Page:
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    Sounds like you have a regular jungle in the AZ. That is crazy how many toads you got. I was reading on wikipedia and google searches about those toads this morning. I think I remember seeing that your area has heavy rains in late June to early July. I might be wrong about that. But. If you do. I think once the creeks, holes, ect... dry up good. There should not be as many. They will move on to a more stable water source.

  5. #25
    Join Date
    May 2008
    Location
    Fresno California USA
    Posts
    2,479

    Toadkeepers

    You know how you get goofy when not enough sleep...one night my ass't & I started fantasizing how much easier it would be to be TOADKEEPERS:, moving at night, how many?..." thousands, man, thousands", big time..., debug contracts, no spray, prompt delivery & removal...

  6. #26
    Join Date
    Feb 2005
    Location
    Tucson, Arizona, USA
    Posts
    5,347

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    That's one of the issues that makes these toads so very curious, they start coming out even before the Summer rains begin, they stay out until the Autumn chill begins, even if there are no rains.

    Even with copious rains there never are any running streams, all running water generally ceases a few hours after the rains stop, no ponds or other bodies of water, either. There are a few areas where water collects in small puddles (the largest of these are approximately fifteen feet across), they usually dry up within a few days and are generally dry between infrequent rains. Though locally intense scattered storms frequently pass through our area during the Summer storm season, they rarely cover much contiguous area. In the recent past there were three consecutive seasons where the Summer rains never fell within ten miles of us, and last year so little rain fell in our entire region that the bees were starving by December.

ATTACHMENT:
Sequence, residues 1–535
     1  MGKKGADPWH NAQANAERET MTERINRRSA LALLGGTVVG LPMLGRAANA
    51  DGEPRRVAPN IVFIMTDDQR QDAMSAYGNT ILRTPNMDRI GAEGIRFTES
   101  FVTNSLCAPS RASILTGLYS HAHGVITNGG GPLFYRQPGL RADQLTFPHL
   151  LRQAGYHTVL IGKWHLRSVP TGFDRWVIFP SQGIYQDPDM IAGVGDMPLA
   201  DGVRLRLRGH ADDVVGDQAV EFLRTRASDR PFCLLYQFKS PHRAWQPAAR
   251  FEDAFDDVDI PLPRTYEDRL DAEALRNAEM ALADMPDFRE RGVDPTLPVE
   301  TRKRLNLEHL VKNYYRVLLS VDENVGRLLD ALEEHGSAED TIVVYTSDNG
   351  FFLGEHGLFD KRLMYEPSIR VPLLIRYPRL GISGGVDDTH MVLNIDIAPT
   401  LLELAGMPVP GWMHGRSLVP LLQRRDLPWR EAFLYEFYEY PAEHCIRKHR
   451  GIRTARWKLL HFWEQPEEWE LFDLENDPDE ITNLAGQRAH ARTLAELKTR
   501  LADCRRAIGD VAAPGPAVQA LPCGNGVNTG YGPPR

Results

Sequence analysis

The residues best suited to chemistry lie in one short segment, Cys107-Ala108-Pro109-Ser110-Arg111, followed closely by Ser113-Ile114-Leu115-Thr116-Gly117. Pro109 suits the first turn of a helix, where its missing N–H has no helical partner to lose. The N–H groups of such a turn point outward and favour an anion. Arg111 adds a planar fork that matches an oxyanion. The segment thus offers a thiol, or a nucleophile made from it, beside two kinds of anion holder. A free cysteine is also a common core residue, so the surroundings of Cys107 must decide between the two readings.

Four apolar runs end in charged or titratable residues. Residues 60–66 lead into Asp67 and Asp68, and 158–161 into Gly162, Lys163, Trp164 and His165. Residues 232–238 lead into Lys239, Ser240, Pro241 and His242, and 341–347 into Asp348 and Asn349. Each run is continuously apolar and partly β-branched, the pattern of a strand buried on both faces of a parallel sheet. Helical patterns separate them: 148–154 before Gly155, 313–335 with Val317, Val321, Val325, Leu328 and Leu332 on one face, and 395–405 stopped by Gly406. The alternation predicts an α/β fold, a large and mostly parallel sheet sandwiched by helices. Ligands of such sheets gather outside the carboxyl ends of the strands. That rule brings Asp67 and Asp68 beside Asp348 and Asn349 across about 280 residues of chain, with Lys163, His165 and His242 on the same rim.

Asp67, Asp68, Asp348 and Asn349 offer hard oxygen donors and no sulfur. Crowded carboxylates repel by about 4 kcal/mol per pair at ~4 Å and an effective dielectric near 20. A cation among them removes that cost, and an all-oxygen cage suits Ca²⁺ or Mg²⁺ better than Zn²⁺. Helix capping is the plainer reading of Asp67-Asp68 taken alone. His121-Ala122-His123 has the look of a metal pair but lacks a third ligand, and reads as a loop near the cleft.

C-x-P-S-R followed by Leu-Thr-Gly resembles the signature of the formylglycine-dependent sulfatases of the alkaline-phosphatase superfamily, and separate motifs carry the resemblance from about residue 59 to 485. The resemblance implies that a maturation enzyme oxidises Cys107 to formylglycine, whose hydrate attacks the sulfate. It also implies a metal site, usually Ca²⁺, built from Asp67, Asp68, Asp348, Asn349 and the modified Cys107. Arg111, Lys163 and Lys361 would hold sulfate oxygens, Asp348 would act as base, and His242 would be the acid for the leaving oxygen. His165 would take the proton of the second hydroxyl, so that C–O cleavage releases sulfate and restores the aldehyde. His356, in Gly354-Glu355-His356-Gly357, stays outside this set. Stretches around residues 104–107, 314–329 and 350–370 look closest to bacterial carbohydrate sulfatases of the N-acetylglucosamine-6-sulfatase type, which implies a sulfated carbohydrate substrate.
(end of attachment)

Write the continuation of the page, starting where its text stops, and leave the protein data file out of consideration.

48 years - 50 hives - TF
    Joseph Clemens -- Website Under Constructioni

  7. #27
    Join Date
    Feb 2005
    Location
    Tucson, Arizona, USA
    Posts
    5,347

    Default

    Quote Originally Posted by Tom G. Laury View Post
    You know how you get goofy when not enough sleep...one night my ass't & I started fantasizing how much easier it would be to be TOADKEEPERS:, moving at night, how many?..." thousands, man, thousands", big time..., debug contracts, no spray, prompt delivery & removal...
    Yep, those toads can sure pack away the insects. If only they could be trained to eat only certain insects and leave our bees alone. But alas, they are too darn omnivorous. Not as good a herd animal as some of the ruminants, either. Reminds me of some of the pesticides used in agriculture and horticulture in their impact on honeybees. But I do see the point of herding them through the fields after dark - just don't herd them near the beehives.
    Last edited by Joseph Clemens; 08-06-2008 at 10:08 PM.
    48 years - 50 hives - TF
    Joseph Clemens -- Website Under Constructioni